Are you using YouTube to promote your practice online? If not, you could be missing out on one of the most effective visual tools available. How can you ensure that this valuable tool is used-and used correctly-to benefit your practice?
Is YouTube really that important?
According to YouTube's "Statistics" page, the video site receives more than 800 million unique users per month. Users bookmark or favorite millions of new videos each day, view more than 500 years' worth of YouTube video content on Facebook daily, and have rated or commented on over half of all existing YouTube videos.
According to Google, 77% of patients search for health-care information and options online. Sixty-four percent watch videos to learn about providers, clinics, and hospitals, and 56% view them to learn more about specific treatments or procedures. Sadly, many dentists are ignoring video as a possible conversion tool-a mistake that could be costing them potential patients.
Populating your YouTube channel
Setting up a YouTube channel is easy (having a Google+ Page or a Gmail account makes it even easier), and you can quickly build up playlists for your patients to enjoy. There are three ways to fill your YouTube channel with excellent content:
• Create videos yourself. As you already know, most smartphones are equipped with an HD camera, enabling dentists and team members to shoot video with a few simple clicks. Making videos yourself humanizes your practice because it allows potential patients to get to know you and your staff. Keep it short and simple; one to two minutes is completely adequate.
• Ask your patients to share. User-created content is extremely valuable. Most dentists ask for testimonials, but very few are asking for video testimonials. Get ahead of the curve! (But make sure you have written and signed permission to post patients' videos.)
• Curate great content from others. This is a great option when someone else has already made the best video ever about a topic you want to cover. Unless it's a dental practice located in the same town as yours, there's no competition issue, so share the love.
Ideas for YouTube videos
Besides patient testimonial videos, there are two other types of videos that can be beneficial for your practice. Most dentists are not creating these kinds of videos, and they should be!
1. "How-to" YouTube videos are some of the most popular videos on the web. Do a how-to video about proper brushing and then one about proper flossing. Follow up with relevant tips; for example, one tip might focus on how to tell if a toothbrush needs to be replaced. Keep a running list of ideas for short how-to videos, and get your staff involved in making them.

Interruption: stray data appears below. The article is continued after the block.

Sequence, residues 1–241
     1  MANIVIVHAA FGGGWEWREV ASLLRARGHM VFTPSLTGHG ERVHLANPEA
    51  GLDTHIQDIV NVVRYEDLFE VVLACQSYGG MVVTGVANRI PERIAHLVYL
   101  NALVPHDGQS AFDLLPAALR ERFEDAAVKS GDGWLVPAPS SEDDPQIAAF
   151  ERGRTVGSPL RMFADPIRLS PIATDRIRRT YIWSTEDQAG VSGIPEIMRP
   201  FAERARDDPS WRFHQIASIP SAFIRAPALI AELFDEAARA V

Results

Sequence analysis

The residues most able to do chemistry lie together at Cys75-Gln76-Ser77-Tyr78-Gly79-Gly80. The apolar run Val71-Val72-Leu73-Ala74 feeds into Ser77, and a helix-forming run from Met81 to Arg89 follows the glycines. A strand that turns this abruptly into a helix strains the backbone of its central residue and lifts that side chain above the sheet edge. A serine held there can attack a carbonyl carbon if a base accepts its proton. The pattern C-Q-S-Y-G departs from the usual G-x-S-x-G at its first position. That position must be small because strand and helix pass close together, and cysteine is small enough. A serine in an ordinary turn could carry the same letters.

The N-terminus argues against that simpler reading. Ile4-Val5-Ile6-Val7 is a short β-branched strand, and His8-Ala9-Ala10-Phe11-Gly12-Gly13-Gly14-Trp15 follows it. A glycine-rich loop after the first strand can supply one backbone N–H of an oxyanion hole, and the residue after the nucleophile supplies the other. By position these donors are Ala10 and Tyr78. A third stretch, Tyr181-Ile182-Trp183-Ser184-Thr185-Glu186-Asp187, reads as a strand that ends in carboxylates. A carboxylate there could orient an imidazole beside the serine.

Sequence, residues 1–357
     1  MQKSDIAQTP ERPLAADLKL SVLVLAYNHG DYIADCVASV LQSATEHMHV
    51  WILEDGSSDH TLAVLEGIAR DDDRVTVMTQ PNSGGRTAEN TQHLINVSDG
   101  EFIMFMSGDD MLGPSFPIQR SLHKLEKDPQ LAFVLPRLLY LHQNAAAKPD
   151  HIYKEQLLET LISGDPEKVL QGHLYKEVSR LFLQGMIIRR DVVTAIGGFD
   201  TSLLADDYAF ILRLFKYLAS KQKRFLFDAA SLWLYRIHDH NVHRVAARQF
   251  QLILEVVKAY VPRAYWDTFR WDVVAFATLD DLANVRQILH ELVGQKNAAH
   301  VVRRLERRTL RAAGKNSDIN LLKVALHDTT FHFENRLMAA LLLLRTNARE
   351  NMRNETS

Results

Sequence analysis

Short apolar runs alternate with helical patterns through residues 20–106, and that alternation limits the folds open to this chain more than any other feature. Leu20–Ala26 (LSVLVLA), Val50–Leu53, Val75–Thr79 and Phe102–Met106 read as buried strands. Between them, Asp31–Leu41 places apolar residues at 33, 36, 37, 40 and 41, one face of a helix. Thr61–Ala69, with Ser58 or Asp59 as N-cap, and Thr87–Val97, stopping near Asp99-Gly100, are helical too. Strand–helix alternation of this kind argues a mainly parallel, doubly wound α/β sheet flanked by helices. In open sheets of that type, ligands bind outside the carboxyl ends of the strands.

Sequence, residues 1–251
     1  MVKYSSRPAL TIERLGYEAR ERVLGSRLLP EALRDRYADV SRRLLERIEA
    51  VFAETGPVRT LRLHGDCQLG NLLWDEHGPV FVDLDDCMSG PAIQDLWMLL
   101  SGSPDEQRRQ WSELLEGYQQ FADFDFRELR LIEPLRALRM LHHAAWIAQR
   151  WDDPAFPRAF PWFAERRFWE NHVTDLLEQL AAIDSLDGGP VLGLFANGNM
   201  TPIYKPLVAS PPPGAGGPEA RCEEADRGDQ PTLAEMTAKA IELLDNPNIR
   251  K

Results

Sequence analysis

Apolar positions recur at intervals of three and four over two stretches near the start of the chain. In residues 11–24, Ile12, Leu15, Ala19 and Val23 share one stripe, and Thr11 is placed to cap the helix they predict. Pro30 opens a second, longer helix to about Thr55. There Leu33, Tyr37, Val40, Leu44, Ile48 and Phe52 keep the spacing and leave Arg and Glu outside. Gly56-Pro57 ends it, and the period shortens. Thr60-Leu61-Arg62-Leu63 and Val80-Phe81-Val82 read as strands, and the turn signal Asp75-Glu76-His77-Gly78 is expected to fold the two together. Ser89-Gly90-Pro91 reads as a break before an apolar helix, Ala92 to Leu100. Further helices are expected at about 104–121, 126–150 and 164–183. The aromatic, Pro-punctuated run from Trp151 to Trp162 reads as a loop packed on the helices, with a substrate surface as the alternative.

2. Answering common patient questions is another great source of material for YouTube videos. This can be the jumping-off point for another list. Jot down the questions that patients ask during office visits, and create short videos in which you answer their questions.
You can also do more personal videos. Consider choosing a children's book about visiting the dentist to read aloud on video, or consider asking a patient what he or she likes most about your practice. The possibilities are endless!
Following up after posting videos
Once you've created your videos, don't forget to share them. Google+, Facebook, and Twitter all support YouTube. You can ask your audience to submit questions, which you will respond to on a video that you later share, or you can have one day a week when you share a how-to tip.
You'll also want to track responses to your videos. YouTube provides a way to annotate videos and add a clickable link, so you can end each video with a call to action and send viewers to your practice's site.
YouTube can be a fantastic addition to your online marketing campaign. Don't miss out on this valuable opportunity to talk directly to your audience!
Kristie Nation is the founder and CEO of myDentalCMO, a marketing consulting firm that provides strategic marketing "treatment plans" exclusively for dental practices. The firm was founded with a mission to prevent dentists from wasting countless dollars marketing their practices ineffectively. She can be reached at firstname.lastname@example.org or (877) 746-4410.